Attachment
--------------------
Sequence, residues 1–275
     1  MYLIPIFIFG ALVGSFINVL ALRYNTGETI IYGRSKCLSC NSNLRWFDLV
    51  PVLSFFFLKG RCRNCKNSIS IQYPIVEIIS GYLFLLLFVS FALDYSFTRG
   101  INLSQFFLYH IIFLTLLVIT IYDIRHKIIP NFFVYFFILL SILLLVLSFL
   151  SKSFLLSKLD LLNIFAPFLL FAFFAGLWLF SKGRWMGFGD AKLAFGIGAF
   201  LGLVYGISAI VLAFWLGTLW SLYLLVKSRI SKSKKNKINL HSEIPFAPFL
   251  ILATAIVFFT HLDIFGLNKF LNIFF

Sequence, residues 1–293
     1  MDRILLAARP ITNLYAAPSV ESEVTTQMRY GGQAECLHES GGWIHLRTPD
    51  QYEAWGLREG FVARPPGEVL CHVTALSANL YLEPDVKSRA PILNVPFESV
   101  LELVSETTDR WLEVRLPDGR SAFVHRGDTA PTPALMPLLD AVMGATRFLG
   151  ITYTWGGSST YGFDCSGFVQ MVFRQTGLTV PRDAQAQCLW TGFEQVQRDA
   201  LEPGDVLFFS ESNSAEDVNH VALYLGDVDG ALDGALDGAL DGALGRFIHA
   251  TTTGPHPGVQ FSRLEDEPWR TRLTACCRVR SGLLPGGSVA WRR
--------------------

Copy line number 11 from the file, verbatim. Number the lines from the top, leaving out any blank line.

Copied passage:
   101  LELVSETTDR WLEVRLPDGR SAFVHRGDTA PTPALMPLLD AVMGATRFLG